Determining Drug Development Costs in the United States


An economic evaluation study assesses these costs by therapeutic class, while identifying trends in pharma R&D intensity over time.

Image Credit: Adobe Stock Images/

Image Credit: Adobe Stock Images/

In a world where the cost of healthcare is top of mind for many, it may come as no surprise that high drug prices increase the chance of medication nonadherence. Drug prices in the United States are two to three times higher compared to other nations, and these numbers are higher for medications like insulin.1

Patients feel that drug prices should decrease, but on the other hand, there are those who believe that that these higher drug prices are necessary to offset R&D investments; in fact, studies project R&D costs for new drugs range in price from $314 million to $4.46 billion.1

Keeping this in mind, a study published in JAMA Network Open1 sought to explore how R&D intensity has evolved over time, developing a transparent analytical model to do so.

This economic evaluation study consisted of an analytical model of drug development that was created using public and proprietary sources that covered the 2000 to 2018 timeframe, including, custom tabulations from the FDA’s internal drug databases, IQVIA’s GrantPlan databases and Medidata Solutions.

Study analysis was completed back in October 2020, and the objective of the analysis was to estimate the cost of bringing a drug to market.

When it came to each development stage and the 13 therapeutic areas, the investigators assessed seven parameters:

  1. Phase duration
  2. Time from start of one phase to the start of next phase (also known as start to start)
  3. Per-patient cost
  4. Number of patients enrolled per trial
  5. Average number of trials that were conducted for a new drug or biologics license application under a specific investigational drug application number
  6. Phase transition success probabilities
  7. Inflation-adjusted cost of capital

They also predicted three ways to determine development cost from nonclinical through post-marketing stages, including mean out-of-pocket cost (cash outlay), mean expected cost, and mean expected capitalized cost. And from 2008 to 2019, pharmaceutical R&D intensity—known as the ratio of R&D spending to total sales—was evaluated as well.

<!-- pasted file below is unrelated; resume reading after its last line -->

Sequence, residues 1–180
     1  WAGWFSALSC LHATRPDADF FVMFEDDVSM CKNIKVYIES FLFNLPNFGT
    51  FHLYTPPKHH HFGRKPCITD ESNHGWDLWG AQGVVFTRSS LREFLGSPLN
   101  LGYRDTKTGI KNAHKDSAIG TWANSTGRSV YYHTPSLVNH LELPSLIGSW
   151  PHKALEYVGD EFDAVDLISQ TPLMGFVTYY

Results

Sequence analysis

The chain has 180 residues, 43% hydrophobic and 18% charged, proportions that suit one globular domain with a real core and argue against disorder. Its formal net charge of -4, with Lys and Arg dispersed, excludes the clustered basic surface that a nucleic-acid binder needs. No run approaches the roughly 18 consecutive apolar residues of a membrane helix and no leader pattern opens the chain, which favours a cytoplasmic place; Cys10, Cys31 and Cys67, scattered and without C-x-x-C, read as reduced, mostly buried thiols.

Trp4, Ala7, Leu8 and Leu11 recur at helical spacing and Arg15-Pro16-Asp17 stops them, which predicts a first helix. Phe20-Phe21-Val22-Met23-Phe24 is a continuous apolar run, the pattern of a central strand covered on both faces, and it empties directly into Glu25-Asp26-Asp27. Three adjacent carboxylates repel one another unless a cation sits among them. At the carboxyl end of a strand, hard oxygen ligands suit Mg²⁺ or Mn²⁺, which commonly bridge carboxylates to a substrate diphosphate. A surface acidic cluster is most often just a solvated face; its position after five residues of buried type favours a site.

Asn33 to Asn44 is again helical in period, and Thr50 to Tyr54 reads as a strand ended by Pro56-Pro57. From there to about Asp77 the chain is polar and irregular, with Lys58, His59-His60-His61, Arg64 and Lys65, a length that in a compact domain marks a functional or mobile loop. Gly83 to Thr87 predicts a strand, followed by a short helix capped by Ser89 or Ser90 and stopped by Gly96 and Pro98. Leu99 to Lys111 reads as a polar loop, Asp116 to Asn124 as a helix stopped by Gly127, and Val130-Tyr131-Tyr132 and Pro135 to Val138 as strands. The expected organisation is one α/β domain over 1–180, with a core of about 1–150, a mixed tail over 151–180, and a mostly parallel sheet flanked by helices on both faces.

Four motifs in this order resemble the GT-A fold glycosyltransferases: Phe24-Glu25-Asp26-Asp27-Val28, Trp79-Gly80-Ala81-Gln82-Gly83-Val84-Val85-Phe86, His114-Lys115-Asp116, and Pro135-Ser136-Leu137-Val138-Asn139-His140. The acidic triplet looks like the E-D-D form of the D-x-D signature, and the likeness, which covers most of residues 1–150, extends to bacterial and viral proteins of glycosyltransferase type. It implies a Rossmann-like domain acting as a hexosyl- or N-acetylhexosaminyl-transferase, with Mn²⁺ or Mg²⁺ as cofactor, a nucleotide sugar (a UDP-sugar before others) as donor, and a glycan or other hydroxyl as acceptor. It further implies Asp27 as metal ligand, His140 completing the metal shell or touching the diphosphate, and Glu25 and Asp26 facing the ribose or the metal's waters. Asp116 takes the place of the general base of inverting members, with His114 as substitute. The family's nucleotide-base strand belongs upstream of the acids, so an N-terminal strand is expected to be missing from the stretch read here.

After a deep analysis, the projected mean cost of creating a new drug was approximately $172.7 million (its value in 2018) (range, $72.5 million for genitourinary to $297.2 million for pain and anesthesia), including post-marketing studies. If one were to include the cost of failures, the cost skyrocketed to $515.8 million.

When the costs of failures and capital were included, the mean expected capitalized cost of drug development increased to $879.3 million (range, $378.7 million for anti-infectives to $1.7562 billion for pain and anesthesia). Results differed according to therapeutic class.

The pharma sector saw a decline of 15.6% in sales, but from 2008 to 2019, there was a rise R&D intensity from 11.9% to 17.7%. When pinpointing large pharma companies, R&D intensity increased from 16.6% to 19.3%, while sales improved by 10.0% (from $380.0 to $418.0 billion) during that time. This was despite the fact that the cost of drug development continued to remain steady.

Overall, the investigators concluded that “In this economic evaluation, we developed a transparent analytical model using public and proprietary sources and estimated a mean expected capitalized drug development cost of $879.3 million, which falls at the lower end of the range of other published estimates.

“However, our estimate of mean cost (ie, the cash outlay that does not include the costs of failures or investment) was approximately three times lower than published findings that used data reported by pharmaceutical companies. Moreover, sales of large pharmaceutical companies have increased in recent years even as R&D intensity was stable or slightly decreasing. These results highlight the importance of understanding the scale and factors associated with the costs of drug development to inform the design of drug-related policies and their potential impacts on innovation and competition.”


1. Sertkaya A, Beleche T, Jessup A, Sommers BD. Costs of Drug Development and Research and Development Intensity in the US, 2000-2018. JAMA Netw Open. 2024;7(6):e2415445. doi:10.1001/jamanetworkopen.2024.15445

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